Avram Piltch (07:08)

It's not worth it. I mean granted at three pounds, this is not the lightest on the block. If you get the ThinkPad X1 Carbon ,which I have, I think may have brought on the show before but that is now up to the 9th Gen is just coming out with I think the 9th Gen C Carbon which I haven't tested yet the last this was the 8th Gen Carbon that is lighter that is to two and a half pounds. So it's half a pound less than this. And probably for me, I would consider that one more because I don't need the bend back screen. I don't need the two on one. However some people really like this especially when you combine that with the pen. So you know you Yeah, let's say you're going somewhere and you want to, I don't know, take notes or something, you can do it you know. So you want to draw something whatever you can do it and the fact that this is such a nice anti-reflective display means that it's really easy to you know to use like this and you don't end up just looking at a mirror picture of yourself when you're looking at a close up like this as you might have a very glossy display. So I think if you like the two on one style which a lot of people do this definitely should be near the top of your shopping list.

Scott Ertz (08:45)

Very cool. I like the style, obviously you know longtime viewers know that computer that's sitting here next to me and when I'm out and about it's not unusual for me to pop this screen off and use it with a stylus same with my phone. So that's definitely something that I would appreciate.

Avram Piltch (09:08)

The stylus- what do you do with it?

Scott Ertz (09:10)

It depends on what I'm doing. Sometimes I'm taking notes and something like one note, sometimes I'm drawing something I'll have Inkscape open. I spend a lot of time in Inkscape back to all of the people who are watching the show, everything you're seeing except the actual live video is all from Inkscape.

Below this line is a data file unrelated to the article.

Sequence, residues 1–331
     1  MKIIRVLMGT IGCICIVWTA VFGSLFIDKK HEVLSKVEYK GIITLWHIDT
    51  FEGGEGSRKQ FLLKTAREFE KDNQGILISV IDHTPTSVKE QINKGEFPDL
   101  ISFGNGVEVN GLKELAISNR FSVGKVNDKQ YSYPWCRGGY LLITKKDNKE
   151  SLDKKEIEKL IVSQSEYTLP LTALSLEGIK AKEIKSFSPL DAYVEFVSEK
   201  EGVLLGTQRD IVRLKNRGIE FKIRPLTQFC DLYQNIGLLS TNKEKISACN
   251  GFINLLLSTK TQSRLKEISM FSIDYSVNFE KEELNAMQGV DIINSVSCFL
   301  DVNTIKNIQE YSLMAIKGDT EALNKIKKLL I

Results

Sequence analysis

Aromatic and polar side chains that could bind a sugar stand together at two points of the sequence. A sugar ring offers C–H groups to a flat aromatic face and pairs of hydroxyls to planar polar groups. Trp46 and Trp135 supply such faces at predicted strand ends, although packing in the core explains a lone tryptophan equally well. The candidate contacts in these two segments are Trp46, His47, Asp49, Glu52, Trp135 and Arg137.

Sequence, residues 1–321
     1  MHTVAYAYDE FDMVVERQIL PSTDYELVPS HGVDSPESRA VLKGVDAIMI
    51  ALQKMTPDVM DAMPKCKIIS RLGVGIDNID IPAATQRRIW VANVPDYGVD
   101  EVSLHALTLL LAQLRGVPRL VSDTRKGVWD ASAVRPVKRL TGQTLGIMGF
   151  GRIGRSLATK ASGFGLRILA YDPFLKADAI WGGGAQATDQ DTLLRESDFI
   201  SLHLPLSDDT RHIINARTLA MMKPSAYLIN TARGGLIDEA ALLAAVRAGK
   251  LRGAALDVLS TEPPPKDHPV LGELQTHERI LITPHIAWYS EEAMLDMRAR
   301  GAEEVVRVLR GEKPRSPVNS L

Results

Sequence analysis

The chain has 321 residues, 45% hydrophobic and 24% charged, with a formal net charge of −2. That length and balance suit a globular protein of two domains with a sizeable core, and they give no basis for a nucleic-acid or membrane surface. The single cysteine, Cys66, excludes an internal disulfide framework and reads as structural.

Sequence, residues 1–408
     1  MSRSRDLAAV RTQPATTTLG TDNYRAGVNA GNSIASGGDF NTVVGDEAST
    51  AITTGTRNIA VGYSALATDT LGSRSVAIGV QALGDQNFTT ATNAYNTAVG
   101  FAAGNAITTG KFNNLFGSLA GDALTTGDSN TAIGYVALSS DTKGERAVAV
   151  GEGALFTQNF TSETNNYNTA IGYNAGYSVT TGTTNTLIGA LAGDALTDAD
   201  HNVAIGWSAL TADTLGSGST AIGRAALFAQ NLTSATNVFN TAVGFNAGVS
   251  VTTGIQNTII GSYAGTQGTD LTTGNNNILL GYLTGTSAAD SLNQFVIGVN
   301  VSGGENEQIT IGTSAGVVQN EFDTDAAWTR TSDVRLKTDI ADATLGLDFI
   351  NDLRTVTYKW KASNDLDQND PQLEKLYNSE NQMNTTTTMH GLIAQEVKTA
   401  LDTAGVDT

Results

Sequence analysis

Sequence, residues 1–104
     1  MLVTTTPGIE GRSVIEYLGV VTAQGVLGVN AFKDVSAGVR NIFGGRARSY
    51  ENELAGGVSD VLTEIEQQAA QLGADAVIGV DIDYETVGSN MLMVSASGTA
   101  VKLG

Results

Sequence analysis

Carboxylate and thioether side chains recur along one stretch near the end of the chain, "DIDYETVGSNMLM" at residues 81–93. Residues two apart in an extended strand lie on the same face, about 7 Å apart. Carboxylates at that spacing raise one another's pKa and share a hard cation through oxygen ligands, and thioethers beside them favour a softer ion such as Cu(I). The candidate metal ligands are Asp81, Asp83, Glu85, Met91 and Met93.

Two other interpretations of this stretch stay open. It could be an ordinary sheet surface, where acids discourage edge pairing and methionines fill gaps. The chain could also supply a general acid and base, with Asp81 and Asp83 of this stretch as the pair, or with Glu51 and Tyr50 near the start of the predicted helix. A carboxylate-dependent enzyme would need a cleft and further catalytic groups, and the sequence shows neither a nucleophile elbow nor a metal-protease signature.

Avram Piltch (09:31)

See, the interesting thing about it is I have kind of a split mind right? I love the idea of scribbling on my computer. But I have yet to see an app that really lets me do what I wanted to do. And I think the main thing I would do with it is I would attempt and be frustrated to use the handwriting keyboard like I would open Something that I do take notes in or do write in, like Google Docs. And I will just want to be able to write in that. And I want to be able to do it while I am standing up. Because I think that is the use case where you really cannot easily use a lot of time. Like, yeah, you know, you it's not easy to like, you know, assuming someday we're all going back to CES and waiting in line. You know, I think about the scenario where I'm waiting in a long line to get into something for half an hour. I want to be writing an article, and I'm standing in line and moving. And so it's not easy to try and write like this. You know, where are you going to drop it? It's not pleasant, right? I mean, I've seen a couple of weird contraptions where people could wear a laptop around their waist, but-

Scott Ertz (10:52)

-Over your shoulders,

Avram Piltch (10:55)